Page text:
A cancer diagnosis can magnify any financial burdens you are already facing. Fortunately, there are many financial assistance programs that help young adults affected by cancer. Talk to your health care team about your financial needs and referrals to resources.
Financial help for young adults with cancer exists in the forms of:
• Insurance reimbursement
• Co-payment relief
• Discounted or free medications
• Grants to cover practical costs such as child care and transportation to and from treatment
• Educational grants and scholarships
Another resource is CancerCare’s A Helping Hand. This is a searchable, online database of financial and practical assistance available for people with cancer. This comprehensive online tool features up-to-date contact information and descriptions for hundreds of national and regional organizations offering financial help to people with cancer.
School and Work: Adjusting Your Schedule
A cancer diagnosis as a young adult may require making adjustments to educational or career-related goals. Young adults with cancer are often able to continue with work or school by modifying their routines and schedules. Your teachers and co-workers may prove to be excellent sources of guidance and support should you choose to disclose your diagnosis.
Before returning to school, make an appointment with your school’s office of student affairs to discuss the transition back to student life. The office’s administrators can refer you to the appropriate health and financial resources, as well as discuss your school’s health services and student health insurance policy. Consider meeting with the staff in your student health center to make them aware of your medical history.
Many young adults are able to return to the workplace during or after treatment. However, some may need to limit the number of hours they work per week or choose to leave their job entirely. Tell your doctor about your typical workday, along with your treatment history, to help form a recommendation on whether you can return to work.
The Americans with Disabilities Act (ADA) helps protect the civil rights of people with a disability, which includes facing a cancer diagnosis. Talk to your supervisor or your human resources department and discuss accommodations that may help ease your transition, including a flexible work schedule or a re-evaluation of your job’s responsibilities and duties. Read CancerCare’s fact sheet titled “Cancer and the Workplace” for more information on laws that protect patients.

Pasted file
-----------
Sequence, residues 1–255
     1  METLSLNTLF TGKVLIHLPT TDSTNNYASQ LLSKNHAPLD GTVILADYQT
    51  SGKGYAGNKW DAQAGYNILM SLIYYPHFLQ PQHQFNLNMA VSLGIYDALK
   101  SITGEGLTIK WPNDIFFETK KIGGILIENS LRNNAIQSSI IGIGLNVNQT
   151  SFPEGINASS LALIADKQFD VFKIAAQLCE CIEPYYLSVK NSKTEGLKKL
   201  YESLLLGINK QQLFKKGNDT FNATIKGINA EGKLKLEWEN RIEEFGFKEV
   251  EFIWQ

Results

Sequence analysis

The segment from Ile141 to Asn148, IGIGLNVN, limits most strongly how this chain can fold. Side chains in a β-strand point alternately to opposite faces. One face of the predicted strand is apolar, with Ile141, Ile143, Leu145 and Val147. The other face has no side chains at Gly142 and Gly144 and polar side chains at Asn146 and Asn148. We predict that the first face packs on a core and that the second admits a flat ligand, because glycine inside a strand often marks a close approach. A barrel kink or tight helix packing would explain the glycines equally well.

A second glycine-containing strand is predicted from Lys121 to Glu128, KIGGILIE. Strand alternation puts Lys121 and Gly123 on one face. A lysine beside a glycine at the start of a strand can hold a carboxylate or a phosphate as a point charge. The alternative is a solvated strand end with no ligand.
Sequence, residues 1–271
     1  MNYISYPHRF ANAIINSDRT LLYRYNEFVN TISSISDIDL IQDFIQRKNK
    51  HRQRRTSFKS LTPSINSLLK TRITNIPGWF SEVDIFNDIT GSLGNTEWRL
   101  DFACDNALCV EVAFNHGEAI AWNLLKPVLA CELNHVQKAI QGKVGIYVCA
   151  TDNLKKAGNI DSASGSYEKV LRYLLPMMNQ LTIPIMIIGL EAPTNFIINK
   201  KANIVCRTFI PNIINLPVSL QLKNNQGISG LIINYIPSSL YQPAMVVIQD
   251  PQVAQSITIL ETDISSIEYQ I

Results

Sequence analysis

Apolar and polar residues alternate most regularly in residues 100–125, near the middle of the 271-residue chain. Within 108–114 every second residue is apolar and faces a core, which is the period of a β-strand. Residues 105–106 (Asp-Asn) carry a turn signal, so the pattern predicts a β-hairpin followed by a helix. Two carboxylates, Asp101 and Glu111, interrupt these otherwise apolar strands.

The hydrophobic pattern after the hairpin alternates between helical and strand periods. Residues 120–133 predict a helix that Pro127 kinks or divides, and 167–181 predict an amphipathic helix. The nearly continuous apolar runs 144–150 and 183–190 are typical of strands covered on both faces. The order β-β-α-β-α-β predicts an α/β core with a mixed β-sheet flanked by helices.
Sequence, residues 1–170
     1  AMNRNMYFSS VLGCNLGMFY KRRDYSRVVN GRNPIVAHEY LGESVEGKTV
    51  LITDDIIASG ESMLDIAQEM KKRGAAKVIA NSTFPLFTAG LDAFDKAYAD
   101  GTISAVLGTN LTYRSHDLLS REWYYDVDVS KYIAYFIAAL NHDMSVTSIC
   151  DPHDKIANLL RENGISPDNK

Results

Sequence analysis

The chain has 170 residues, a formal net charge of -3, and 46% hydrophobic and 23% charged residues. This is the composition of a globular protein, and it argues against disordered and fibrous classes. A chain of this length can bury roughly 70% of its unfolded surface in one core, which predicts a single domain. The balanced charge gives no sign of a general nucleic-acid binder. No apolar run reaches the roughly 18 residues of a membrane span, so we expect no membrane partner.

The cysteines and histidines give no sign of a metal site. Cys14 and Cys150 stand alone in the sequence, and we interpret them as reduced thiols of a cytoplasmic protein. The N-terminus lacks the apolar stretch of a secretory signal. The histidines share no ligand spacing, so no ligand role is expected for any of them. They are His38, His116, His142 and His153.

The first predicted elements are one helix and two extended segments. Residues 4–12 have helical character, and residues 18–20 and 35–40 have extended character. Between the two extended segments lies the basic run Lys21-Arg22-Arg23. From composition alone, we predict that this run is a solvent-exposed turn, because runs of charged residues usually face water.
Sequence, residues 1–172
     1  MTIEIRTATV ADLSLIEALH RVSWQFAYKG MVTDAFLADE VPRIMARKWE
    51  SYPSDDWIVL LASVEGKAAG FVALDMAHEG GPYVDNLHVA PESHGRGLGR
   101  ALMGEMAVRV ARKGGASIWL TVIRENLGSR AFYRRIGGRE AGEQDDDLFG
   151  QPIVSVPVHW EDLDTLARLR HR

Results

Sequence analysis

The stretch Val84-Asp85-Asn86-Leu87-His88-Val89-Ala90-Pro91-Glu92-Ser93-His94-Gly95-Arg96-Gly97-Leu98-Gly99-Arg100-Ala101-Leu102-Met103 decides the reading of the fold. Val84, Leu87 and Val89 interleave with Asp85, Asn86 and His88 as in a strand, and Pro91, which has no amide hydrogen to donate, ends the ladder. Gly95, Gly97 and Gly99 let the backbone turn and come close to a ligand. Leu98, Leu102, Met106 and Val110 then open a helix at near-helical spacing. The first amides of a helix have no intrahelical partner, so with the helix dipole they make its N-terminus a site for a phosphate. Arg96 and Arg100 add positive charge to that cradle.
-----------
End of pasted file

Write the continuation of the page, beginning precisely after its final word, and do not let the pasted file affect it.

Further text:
A cancer diagnosis can be isolating, especially for this age group. You may feel that your diagnosis is yours alone to cope with, and perhaps feel the need to withdraw from others. This is normal; however, finding your support network is important. Allowing open communication with family, friends and loved ones may help you feel more supported in the long-term.
Parents. After a cancer diagnosis, young adults who have previously lived on their own sometimes choose to move back into their parents’ home temporarily. While this may feel like you are giving up your independence, remember that it is temporary. You will want to make sure that your emotional, practical and financial needs are being met during this time period. Be honest about your need for privacy and share your feelings and emotions with your parents. You may find them to be a strong source of emotional and practical support.
Siblings. Watching a brother or sister face a cancer diagnosis is difficult for siblings of any age. They may want to help you in practical ways such as providing transportation to and from treatment or helping with household tasks. Encourage your siblings to talk openly with you. Let them know that they can support you by just taking the time to listen. Spend time together talking about subjects other than cancer.